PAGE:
When I initially set up the MoonLite I noticed that the focusing controls and the rotation were very smooth. An odd thing was that I noticed that the left-hand finder shoe screw would push the reflex sight foot slightly forward as it rotated and tightened. To keep the finder as accurate as possible I usually push the foot into the shoe while feeling for the edge of the shoe with my finger. When it is flush with the edge I know it is in the right place. This is a particularly useful operation when setting up in the dark. It does this every time I place the reflex sight into the shoe though so once the finder has been aligned it doesn’t matter as it always slides back to the same place.




As I was observing Venus at between around 100x to 156x the extra weight of the MoonLite was quite noticeable. The vibration return at these magnifications was slower than with the lighter SW unit. I discovered that the smoothness and precision of the focusing controls offset this slightly though. Another interesting factor was the MoonLite’s shaft lock system situated directly under the left-hand focusing knob. This locks with absolutely no image shift that I could detect.




Just before the sky porridge came I had a look at Sirius, Procyon and Cappella at 18.5x with the Panoptic. It was still technically twilight but these particular stars are very bright. Any vibration was not an issue at this magnification. The only drawback appears to be getting used to the extra weight again. All in all I’m very impressed with the MoonLite and it is a joy to use. It oozes quality and is beautiful to look at. I’ll have to eventually stop taking jpegs of it lol.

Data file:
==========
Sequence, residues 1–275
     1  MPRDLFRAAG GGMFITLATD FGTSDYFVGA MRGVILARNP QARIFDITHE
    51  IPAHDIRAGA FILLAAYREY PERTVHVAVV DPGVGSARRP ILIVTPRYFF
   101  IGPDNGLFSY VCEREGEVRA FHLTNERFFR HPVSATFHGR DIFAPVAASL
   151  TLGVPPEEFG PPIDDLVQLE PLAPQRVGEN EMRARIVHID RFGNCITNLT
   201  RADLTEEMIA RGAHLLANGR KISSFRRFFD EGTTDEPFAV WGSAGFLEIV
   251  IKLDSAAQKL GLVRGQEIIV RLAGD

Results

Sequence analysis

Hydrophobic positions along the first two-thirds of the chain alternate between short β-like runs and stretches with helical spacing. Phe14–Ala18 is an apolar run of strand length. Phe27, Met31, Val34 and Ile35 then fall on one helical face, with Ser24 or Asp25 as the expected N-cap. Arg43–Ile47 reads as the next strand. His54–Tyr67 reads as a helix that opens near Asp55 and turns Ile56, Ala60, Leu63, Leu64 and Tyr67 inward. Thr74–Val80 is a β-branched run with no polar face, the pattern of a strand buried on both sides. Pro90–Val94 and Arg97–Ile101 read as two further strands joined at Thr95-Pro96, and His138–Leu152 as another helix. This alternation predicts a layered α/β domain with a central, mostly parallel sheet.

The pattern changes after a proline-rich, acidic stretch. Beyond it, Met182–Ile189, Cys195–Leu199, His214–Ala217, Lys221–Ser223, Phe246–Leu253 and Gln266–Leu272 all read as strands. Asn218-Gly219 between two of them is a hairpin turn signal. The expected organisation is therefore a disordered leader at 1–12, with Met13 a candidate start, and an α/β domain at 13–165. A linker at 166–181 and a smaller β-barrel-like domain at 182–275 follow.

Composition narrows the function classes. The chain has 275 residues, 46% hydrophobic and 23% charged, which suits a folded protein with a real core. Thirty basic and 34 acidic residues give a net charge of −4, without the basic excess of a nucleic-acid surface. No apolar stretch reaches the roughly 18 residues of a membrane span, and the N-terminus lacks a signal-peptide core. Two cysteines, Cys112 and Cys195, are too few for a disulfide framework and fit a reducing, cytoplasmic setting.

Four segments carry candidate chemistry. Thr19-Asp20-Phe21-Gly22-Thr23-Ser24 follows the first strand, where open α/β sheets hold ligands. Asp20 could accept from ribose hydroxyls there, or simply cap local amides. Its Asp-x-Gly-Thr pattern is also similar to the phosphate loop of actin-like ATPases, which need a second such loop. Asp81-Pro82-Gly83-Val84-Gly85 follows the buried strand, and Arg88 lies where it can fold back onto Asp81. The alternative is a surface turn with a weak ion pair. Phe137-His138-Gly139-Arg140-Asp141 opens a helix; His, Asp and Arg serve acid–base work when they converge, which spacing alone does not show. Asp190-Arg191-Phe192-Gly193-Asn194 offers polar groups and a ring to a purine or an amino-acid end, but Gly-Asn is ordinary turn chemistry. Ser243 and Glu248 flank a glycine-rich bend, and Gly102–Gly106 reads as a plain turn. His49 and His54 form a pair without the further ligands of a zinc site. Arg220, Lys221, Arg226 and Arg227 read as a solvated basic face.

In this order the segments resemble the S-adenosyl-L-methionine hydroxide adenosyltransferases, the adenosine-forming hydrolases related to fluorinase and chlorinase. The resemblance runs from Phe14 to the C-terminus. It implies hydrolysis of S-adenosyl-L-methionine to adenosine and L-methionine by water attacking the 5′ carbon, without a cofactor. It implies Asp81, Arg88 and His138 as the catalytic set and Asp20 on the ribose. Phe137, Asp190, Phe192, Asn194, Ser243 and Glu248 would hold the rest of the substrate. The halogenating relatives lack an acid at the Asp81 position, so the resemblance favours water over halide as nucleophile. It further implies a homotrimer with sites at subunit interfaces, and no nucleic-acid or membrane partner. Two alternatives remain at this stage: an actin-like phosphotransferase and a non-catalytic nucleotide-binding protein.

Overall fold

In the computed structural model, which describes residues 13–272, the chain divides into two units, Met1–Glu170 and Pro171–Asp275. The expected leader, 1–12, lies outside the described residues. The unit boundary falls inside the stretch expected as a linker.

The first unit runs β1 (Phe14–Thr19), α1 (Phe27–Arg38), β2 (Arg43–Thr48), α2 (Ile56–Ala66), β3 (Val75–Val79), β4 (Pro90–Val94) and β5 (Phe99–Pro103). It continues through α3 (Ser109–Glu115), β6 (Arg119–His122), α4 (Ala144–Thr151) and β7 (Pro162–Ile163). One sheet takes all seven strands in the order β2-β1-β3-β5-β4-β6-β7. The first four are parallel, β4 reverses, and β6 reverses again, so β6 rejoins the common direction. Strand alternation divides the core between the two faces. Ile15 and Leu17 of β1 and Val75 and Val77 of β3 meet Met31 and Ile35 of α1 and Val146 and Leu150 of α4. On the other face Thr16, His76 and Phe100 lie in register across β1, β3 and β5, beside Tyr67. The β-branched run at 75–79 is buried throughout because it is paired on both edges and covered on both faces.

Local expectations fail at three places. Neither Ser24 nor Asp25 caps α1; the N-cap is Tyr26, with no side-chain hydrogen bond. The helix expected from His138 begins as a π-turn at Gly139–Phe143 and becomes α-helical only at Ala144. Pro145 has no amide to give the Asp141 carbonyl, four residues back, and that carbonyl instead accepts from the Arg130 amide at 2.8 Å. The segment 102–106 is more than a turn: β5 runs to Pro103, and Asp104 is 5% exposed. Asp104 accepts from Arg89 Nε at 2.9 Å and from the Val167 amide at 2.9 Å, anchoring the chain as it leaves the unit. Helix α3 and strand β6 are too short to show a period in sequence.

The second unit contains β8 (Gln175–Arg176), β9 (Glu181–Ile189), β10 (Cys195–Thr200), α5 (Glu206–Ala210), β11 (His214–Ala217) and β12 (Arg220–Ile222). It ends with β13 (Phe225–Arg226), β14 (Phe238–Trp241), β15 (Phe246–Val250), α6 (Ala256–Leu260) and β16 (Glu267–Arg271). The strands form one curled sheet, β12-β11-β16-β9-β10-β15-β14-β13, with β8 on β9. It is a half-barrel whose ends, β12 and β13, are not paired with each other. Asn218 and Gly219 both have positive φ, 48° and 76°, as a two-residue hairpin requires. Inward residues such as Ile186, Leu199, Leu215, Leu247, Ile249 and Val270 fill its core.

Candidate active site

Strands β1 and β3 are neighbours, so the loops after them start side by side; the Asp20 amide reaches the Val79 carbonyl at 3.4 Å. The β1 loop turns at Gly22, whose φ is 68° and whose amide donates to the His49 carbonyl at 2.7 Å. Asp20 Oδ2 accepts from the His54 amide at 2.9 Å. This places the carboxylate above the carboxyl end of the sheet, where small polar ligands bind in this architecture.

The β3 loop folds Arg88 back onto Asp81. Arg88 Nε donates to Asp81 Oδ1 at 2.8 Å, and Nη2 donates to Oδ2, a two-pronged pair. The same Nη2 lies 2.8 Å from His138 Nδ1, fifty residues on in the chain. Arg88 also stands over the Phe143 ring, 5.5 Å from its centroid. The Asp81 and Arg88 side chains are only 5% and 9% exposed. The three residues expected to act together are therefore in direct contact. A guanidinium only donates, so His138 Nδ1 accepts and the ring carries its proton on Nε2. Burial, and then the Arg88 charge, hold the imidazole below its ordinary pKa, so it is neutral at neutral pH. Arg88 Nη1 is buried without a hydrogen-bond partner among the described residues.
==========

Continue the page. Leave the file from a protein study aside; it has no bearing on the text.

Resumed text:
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I’ve had three sessions now with the ST102 fitted with the MoonLite focuser and the AZ5 mount/tripod combination. The AZ5 is 4.9kg and the stock ST102 is 2.5kg. So, without accessories, this combination is at least feasible. When I fitted the TS Optics/GSO focuser I weighed the OTA and it was still about 2.5kg. So I assumed the GSO wasn’t really that much heavier than the stock Synta focuser. When I replaced the GSO with the Sky-Watcher/Long Perng focuser I weighed the OTA again. This time it was about 3kg. Still do-able with the AZ5 though. Bearing in mind at least another kilo could be added with the diagonal and eyepiece.




Saturday I had a three hour rich field session with ST102 which enabled me to really put the MoonLite through its paces. It certainly didn’t disappoint me. Everything is so precise and using it is a delight. In fact, once I had become more familiar with MoonLite I ceased thinking about actually using it and it just did its job. So I could sweep for open clusters, the occasional globular, planetary nebula and other DSO’s and concentrate on observing. Later I realised that the supposed extra weight of the MoonLite wasn’t a problem. So I weighed the OTA on bathroom scales. It was about 2.5kg. At first, this didn’t make sense, until I re-weighed the Long Perng focuser and compared it with the GSO. The Long Perng was 1.4kg!




So ignore what I said about the weight of the Long Perng focuser in an earlier post, I must have misread the scales (I have actually had brain damage). Just picking one of the units up after the other will show the difference in weight.




The OTA together with the APM diagonal weighs in at about 3kg, basically the same weight as the OTA with the Long Perng focuser.